Multiple sclerosis: “I try to preserve my muscles as much as possible”

Published Oct 27, 2021 • By Candice Salomé

LR2012, a member of the Carenity community in France, has had multiple sclerosis since he was 23. After the diagnosis, he quickly returned to sports, one of his passions, with the aim of maintaining his muscles and postponing the progression of multiple sclerosis as much as possible.

Read his story below! 

Multiple sclerosis: “I try to preserve my muscles as much as possible”

Hello LR2012, thank you for agreeing to share your story with us on Carenity.

First of all, could you tell us a little bit about yourself? 

I am a 40-year-old-man. I live and work in Villeurbanne, outside of Lyon, France.

My interests are: 

  • Sports (which I used to do quite a lot when I was younger) and which I have partly rediscovered through the organization HandiCapEvasion, and swimming,
  • The fate of our planet (with its inevitable warming),   
  • Community building and social projects (society today seems to me inexorably harsher... and revolting). 

editor_meta_bo_img_83d32bda5b90340f9868b07d18802858.jpgPhoto courtesy of LR2012

You have multiple sclerosis. Could you tell us how it came into your life? What were your initial symptoms? What prompted you to seek help? 

About this Malicious, Sneaky "companion" that has kept me company since the age of 23...

The first signs appeared during my classes when I was studying to become an engineer. At that time, the density of work and the rhythm of study were intense.

Quite naturally, I used sports as a way to decompress.  

It was at this time that the first physical dysfunctions appeared (visual problems when jogging, tingling in the left leg and right arm, temporary loss of feeling in the fingertips, etc.).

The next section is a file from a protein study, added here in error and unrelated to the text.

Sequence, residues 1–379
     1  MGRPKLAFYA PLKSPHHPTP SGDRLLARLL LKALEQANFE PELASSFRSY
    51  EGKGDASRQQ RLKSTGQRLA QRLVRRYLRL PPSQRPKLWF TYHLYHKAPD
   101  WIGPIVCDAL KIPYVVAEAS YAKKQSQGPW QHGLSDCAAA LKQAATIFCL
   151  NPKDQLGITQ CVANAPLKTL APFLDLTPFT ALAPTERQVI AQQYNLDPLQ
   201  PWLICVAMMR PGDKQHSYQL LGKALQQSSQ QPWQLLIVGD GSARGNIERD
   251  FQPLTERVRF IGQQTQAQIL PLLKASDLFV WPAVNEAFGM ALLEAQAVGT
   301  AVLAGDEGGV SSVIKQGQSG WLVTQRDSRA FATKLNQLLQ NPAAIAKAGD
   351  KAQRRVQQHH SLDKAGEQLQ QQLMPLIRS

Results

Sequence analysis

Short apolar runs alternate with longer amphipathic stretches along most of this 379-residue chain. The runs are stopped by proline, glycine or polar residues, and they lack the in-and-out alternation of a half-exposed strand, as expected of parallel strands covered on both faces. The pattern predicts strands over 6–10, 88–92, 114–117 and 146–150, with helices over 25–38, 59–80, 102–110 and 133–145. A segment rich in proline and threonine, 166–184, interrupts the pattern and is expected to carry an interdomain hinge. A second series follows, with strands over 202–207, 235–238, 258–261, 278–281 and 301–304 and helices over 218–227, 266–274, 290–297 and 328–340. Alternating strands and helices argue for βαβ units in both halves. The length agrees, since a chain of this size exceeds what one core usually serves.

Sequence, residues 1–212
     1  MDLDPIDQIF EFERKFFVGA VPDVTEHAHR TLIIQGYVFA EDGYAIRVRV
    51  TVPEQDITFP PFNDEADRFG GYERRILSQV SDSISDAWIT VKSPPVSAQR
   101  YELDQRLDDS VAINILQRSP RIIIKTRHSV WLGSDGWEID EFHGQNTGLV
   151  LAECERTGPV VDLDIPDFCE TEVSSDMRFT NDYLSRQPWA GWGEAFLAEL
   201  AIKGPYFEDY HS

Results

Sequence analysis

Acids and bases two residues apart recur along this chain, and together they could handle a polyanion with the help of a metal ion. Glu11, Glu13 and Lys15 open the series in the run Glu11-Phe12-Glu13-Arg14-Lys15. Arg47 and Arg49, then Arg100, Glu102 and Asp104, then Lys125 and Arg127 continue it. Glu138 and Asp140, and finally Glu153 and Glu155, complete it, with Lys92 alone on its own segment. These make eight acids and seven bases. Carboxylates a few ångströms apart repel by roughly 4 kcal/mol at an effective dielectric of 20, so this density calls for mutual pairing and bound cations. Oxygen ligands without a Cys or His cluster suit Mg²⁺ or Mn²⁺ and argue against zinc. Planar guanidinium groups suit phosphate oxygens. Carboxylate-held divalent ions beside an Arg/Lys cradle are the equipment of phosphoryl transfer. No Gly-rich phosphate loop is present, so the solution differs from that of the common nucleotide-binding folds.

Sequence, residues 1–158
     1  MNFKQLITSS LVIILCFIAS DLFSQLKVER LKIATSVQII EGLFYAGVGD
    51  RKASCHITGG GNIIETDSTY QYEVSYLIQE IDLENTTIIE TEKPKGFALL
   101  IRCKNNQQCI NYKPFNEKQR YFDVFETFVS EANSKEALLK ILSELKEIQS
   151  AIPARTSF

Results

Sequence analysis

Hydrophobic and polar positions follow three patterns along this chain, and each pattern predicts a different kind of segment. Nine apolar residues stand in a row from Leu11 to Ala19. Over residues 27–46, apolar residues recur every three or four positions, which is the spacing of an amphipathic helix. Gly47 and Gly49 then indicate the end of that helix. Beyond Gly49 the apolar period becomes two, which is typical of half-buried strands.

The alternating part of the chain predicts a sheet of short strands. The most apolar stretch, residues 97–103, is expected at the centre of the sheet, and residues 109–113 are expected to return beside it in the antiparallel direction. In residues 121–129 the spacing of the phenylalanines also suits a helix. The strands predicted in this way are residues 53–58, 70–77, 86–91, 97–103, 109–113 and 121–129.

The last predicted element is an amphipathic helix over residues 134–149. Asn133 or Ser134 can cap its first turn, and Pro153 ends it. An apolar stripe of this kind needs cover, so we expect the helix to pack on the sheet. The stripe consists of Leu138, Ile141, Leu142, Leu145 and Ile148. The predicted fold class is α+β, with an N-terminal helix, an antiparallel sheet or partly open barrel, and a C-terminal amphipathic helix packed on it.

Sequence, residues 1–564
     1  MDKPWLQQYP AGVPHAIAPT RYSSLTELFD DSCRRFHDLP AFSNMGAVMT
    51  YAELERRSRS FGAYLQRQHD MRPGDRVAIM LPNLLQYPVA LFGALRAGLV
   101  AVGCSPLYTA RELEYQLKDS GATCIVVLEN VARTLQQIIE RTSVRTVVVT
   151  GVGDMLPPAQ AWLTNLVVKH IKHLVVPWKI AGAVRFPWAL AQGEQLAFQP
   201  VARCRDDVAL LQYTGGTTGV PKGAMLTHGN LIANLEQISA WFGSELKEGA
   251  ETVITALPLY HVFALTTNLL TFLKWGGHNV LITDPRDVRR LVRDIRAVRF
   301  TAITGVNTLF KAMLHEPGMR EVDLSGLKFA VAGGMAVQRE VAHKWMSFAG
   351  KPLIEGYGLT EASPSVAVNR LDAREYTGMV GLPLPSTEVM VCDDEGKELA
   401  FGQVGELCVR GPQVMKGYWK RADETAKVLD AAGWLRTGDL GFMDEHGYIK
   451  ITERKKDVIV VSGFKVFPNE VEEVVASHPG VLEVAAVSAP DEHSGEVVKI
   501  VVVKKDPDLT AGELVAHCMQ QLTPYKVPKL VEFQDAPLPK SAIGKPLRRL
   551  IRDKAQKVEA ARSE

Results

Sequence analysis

At that time, on the advice of my friends and family, I went to several medical appointments (ophthalmologist, cardiologist, pulmonologist, etc.) and was given no clear diagnosis.  

Certainly, these medical questions took too much of my mental space and prevented me from continuing my engineering studies in peace. That's how I felt, anyway. 

So, I had to stop my engineering studies quite abruptly (I had low marks in math combined with a "medical cloud" surrounding me). Fortunately for me, my friends and family helped me to bounce back, and I was able to later study engineering at university.

When were you diagnosed? How did you handle the diagnosis?

I was studying in Poitiers for my university exams and after having a tingling episode, I decided to go for my Sunday jog. During this jog, when I went to lift my left leg, it didn't respond and I literally fell on the ground... Hmm, that's strange! 

A series of medical appointments and a lumbar puncture, together with MRI scans, led to the diagnosis.  

I was 23 at the time (2004) and I finally knew what was going on. I remember it was a big blow. But hey, I was about to win my first victory against my MS, having managed to get a qualification level that allowed me to make important choices and start my career. 

After that, I logically entered the workforce. This period, which lasted about 8 years, before things stabilized, was quite complicated. I had a succession of ten or so employers, ranging from service delivery to office work in the manufacturing sector.  

Although I was recognized as a disabled worker in the meantime... I had to deal with lamentable work situations (in terms of hygiene, interest and even purpose... apart from making money).  

I am not saying that money is not to be considered when taking a job, but it seems to me that there is knowledge to be advanced...and that money remains a means... 

Finally, in 2012, I found an article explaining that the National Centre for Scientific Research (CNRS) needed respect its "rate of disabled workers". I took a chance and it worked. A position as a mechanical engineer was opened with a view to tenure. It was a great opportunity for me to combine my technical knowledge with the status of disabled worker. I have now been in post for a little over ten years, and I humbly help to advance research... 

Had you heard about multiple sclerosis before your diagnosis? Did you do any research of your own?  

At the time, I didn't know much about MS (apart from a distant memory of a teacher at school who had the condition and used crutches to get around...). But apart from this memory, I didn't know MS.